Bill Knobeloch says not to worry. Madison's parking manager admits there was a recent technological glitch with the server that runs the city's spanking-new downtown parking terminals. Something happened to "open up a portal on the server that let spam in." But the security of the system, which at times tracks payments made with credit cards, was never in doubt.
"It's a good system," he says.
As of this week, 14 of the terminals are in place, replacing dozens of meters; about 70 will be installed by year's end. Knobeloch expects the devices to be operational by month's end; the current meters will be replaced with stall-number posts (which hopefully will still double as bicycle racks).
The new system is known as a pay-by-space. Parkers walk to the terminal, enter their stall number and pay with cash or credit. If they use a credit card, the terminal encrypts the information and sends it via phone to a bank; the bank decrypts it, then relays back a "real-time" decision on whether to authorize the transaction.
Knobeloch says similar systems are in place at city parking ramp pay stations and gas pumps everywhere. But it's an improvement over previous ramp systems that ran credit card checks after the fact, letting scofflaws get away. (If only we'd known!)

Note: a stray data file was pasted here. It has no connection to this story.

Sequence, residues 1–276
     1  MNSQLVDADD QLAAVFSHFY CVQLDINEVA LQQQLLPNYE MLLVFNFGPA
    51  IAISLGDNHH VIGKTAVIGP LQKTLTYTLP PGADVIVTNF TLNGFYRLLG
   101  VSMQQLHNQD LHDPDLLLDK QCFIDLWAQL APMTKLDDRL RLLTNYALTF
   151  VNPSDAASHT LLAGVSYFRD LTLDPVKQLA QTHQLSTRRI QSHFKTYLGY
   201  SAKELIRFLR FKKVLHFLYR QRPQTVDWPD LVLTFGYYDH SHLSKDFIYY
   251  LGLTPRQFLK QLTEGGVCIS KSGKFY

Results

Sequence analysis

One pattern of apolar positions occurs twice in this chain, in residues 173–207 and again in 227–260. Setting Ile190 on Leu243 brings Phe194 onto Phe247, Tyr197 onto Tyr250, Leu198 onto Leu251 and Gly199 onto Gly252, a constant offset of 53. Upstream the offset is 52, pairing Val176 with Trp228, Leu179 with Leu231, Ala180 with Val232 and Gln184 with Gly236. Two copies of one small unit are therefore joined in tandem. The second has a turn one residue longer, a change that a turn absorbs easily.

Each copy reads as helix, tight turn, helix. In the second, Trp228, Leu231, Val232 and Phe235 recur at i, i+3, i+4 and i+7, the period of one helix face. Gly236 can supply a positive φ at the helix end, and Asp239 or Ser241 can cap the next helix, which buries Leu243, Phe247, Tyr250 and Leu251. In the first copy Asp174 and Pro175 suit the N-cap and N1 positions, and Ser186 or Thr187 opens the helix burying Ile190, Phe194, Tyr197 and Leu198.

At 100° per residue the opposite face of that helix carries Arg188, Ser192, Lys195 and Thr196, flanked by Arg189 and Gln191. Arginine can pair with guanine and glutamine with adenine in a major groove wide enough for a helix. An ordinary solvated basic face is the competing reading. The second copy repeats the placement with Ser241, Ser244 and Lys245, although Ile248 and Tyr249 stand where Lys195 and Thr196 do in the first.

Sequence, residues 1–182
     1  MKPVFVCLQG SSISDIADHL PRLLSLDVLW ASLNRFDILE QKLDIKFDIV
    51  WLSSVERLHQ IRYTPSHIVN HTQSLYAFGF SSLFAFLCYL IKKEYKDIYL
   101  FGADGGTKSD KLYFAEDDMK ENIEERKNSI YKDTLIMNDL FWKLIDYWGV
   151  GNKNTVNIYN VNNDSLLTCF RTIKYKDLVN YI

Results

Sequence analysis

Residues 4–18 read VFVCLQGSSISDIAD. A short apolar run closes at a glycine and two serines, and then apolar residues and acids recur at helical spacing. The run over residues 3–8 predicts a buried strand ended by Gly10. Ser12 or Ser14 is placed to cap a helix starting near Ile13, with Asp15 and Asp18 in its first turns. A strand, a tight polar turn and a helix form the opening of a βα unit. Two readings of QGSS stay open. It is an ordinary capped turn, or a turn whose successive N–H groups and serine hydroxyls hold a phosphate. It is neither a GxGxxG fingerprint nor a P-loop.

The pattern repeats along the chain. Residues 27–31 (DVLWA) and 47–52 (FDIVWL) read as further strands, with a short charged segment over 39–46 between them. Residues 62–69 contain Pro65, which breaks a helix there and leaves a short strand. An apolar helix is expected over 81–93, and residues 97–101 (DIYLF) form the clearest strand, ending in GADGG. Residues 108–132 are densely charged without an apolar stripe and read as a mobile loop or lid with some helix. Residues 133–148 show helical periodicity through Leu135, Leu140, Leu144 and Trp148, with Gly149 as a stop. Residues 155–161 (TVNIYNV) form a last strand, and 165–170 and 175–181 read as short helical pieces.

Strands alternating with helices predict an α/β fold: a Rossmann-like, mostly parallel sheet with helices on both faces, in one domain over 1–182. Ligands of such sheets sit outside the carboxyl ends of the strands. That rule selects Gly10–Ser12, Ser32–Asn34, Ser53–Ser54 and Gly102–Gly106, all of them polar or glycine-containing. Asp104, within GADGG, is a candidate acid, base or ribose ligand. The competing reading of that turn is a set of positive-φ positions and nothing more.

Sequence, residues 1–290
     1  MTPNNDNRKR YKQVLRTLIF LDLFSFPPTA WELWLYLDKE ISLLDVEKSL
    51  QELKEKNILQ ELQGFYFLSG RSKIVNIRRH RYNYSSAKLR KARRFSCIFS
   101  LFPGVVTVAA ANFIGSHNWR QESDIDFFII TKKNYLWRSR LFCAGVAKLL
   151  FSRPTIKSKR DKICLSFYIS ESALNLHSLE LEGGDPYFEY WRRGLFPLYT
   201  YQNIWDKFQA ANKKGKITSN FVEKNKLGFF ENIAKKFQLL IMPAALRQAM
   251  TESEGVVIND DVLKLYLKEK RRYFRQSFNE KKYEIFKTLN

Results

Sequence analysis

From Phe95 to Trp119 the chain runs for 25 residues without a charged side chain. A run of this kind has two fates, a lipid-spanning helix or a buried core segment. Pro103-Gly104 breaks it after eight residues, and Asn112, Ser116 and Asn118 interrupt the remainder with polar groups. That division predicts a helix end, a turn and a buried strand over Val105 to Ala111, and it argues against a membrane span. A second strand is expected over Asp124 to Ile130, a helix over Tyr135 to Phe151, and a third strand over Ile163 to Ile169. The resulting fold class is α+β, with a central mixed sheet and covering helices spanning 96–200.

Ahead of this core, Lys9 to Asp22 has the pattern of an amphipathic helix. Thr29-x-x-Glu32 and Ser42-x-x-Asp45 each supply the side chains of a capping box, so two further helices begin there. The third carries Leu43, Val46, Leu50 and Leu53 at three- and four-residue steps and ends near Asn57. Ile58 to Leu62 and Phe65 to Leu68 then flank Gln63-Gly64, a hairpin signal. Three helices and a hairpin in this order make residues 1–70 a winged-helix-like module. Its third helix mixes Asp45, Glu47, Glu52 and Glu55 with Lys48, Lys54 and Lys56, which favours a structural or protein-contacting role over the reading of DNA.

Here's where it gets really funky. The terminals beam info on which stalls are paid (not credit card numbers) to a server in the City-County Building. Parking enforcement officers access this with handheld devices when they come by to write tickets.
"They still have to walk" to look at cars, to check for disabled or contractor tags, says Knobeloch. "Just because it's unpaid doesn't mean they need to write a ticket."
But enforcers won't have to check every spot, so they can cover more ground and ruin more people's days. There are also benefits for parkers. For instance, the terminals generate receipts that can be used to challenge tickets issued in error. And it will prevent people from, say, absentmindedly plugging a meter for two hours in a spot that will become a tow-away zone in 35 minutes.
Hopefully, we'll get less towed cars," says Knobeloch. But let's face it: That's one old technology that isn't likely to become obsolete.